Impact of a targeted isolation strategy at ICU-admission on ICU-acquired infection related to multidrug-resistant bacteria: a prospective uncontrolled before-after study.
Clin Microbiol Infect. 2016 Jul 21;
Authors: Ledoux G, Six S, Lawson R, Labreuche J, Blazejewski C, Wallet F, Duhamel A, Nseir S
OBJECTIVES: Isolation of patients with multidrug resistant (MDR) bacteria is recommended to reduce cross-transmission of these bacteria. However, isolation of critically ill patients has several negative side effects. Therefore, we hypothesized that a targeted isolation strategy, based on the presence of at least one risk factor for MDR bacteria, would be not inferior to a systematic isolation strategy at ICU admission.
METHODS: This prospective before-after study was conducted in a mixed ICU, during two 12-month periods, separated by a one-month "wash-out" period. During the before period, isolation was systematically performed in all patients at admission. During the after period, isolation was only performed in patients with at least one risk factor for MDR bacteria at admission. During the two periods, routine screening for MDR bacteria was performed at ICU admission, and isolation prescription was modified after receipt of screening result. Primary outcome was the percentage of patients with ICU-acquired infection (ICUAI) related to MDR bacteria, measured from ICU admission until ICU discharge or day 28, whatever happens first.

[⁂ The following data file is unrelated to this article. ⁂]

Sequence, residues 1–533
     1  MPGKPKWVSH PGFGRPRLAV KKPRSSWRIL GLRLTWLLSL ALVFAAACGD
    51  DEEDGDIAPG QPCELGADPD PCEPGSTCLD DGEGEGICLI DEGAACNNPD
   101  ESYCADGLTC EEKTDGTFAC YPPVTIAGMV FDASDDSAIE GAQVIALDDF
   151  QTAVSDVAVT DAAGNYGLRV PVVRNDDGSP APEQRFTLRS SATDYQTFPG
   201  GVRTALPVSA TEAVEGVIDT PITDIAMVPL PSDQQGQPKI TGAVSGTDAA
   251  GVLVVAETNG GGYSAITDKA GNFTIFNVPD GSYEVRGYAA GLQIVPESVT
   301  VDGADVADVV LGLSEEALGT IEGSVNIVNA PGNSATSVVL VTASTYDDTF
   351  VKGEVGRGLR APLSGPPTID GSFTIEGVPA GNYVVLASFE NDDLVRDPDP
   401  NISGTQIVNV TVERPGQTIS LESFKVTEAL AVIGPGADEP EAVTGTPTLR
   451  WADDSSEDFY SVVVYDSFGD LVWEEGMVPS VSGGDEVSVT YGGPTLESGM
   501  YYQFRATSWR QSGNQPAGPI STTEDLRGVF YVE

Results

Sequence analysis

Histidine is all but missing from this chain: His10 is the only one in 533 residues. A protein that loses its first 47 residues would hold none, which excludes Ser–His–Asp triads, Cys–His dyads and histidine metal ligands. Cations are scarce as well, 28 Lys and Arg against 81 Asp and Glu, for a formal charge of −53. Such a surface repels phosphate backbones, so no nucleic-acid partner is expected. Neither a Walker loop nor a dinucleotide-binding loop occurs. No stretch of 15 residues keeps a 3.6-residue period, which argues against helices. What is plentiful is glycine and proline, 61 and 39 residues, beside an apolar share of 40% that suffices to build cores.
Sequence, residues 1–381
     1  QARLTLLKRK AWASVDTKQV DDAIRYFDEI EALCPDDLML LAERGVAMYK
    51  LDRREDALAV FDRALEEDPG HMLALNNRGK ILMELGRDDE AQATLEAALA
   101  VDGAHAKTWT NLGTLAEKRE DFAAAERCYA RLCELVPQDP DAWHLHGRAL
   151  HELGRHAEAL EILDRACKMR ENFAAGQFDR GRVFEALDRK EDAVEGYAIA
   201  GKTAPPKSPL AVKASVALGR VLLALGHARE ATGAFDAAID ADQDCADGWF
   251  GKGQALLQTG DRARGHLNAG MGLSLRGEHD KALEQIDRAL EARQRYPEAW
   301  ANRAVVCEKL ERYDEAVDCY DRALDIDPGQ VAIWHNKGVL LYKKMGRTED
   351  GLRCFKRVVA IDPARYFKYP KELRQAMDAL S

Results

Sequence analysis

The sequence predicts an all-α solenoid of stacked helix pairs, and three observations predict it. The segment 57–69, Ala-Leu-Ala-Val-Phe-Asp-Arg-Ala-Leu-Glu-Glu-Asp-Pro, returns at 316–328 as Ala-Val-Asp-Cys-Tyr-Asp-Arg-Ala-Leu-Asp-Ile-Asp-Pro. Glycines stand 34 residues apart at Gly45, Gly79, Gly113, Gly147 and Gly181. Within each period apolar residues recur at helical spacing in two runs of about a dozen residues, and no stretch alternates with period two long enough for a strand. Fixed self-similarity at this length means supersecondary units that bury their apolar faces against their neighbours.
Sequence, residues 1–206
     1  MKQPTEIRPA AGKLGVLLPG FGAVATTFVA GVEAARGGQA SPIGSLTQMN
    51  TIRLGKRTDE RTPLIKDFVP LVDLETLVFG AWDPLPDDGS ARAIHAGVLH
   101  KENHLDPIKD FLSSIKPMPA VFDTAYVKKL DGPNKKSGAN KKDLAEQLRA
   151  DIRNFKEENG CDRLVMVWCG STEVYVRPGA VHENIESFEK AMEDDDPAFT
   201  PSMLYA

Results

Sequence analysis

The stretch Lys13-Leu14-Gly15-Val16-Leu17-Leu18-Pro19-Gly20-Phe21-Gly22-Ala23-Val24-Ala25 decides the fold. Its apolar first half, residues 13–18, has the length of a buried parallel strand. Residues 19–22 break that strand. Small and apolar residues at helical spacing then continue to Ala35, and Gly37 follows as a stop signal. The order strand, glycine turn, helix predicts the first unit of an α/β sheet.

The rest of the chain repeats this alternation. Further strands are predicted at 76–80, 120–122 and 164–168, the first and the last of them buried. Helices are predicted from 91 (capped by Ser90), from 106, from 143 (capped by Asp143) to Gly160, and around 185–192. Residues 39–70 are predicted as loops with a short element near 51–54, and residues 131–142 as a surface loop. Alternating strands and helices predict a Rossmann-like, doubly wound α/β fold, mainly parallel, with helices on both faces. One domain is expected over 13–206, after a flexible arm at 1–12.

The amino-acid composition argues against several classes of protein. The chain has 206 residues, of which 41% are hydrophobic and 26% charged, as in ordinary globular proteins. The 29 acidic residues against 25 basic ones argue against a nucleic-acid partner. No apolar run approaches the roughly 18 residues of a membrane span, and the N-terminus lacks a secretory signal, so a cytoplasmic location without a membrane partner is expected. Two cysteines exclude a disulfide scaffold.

RESULTS: 1221 patients were included. No significant difference was found in ICUAI related to MDR bacteria (85 of 585 (14.5%) vs 84 of 636 (13.2%) patients, risk difference, -1.3%, 95% CI [-5.2 to 2.6%]) between the two periods, confirming the noninferiority hypothesis.
CONCLUSIONS: Our results suggest that targeted isolation of patients at ICU admission is not inferior to systematic isolation, regarding the percentage of patients with ICUAI related to MDR bacteria. Further randomized controlled multicenter studies are needed to confirm our results.
PMID: 27451941 [PubMed - as supplied by publisher]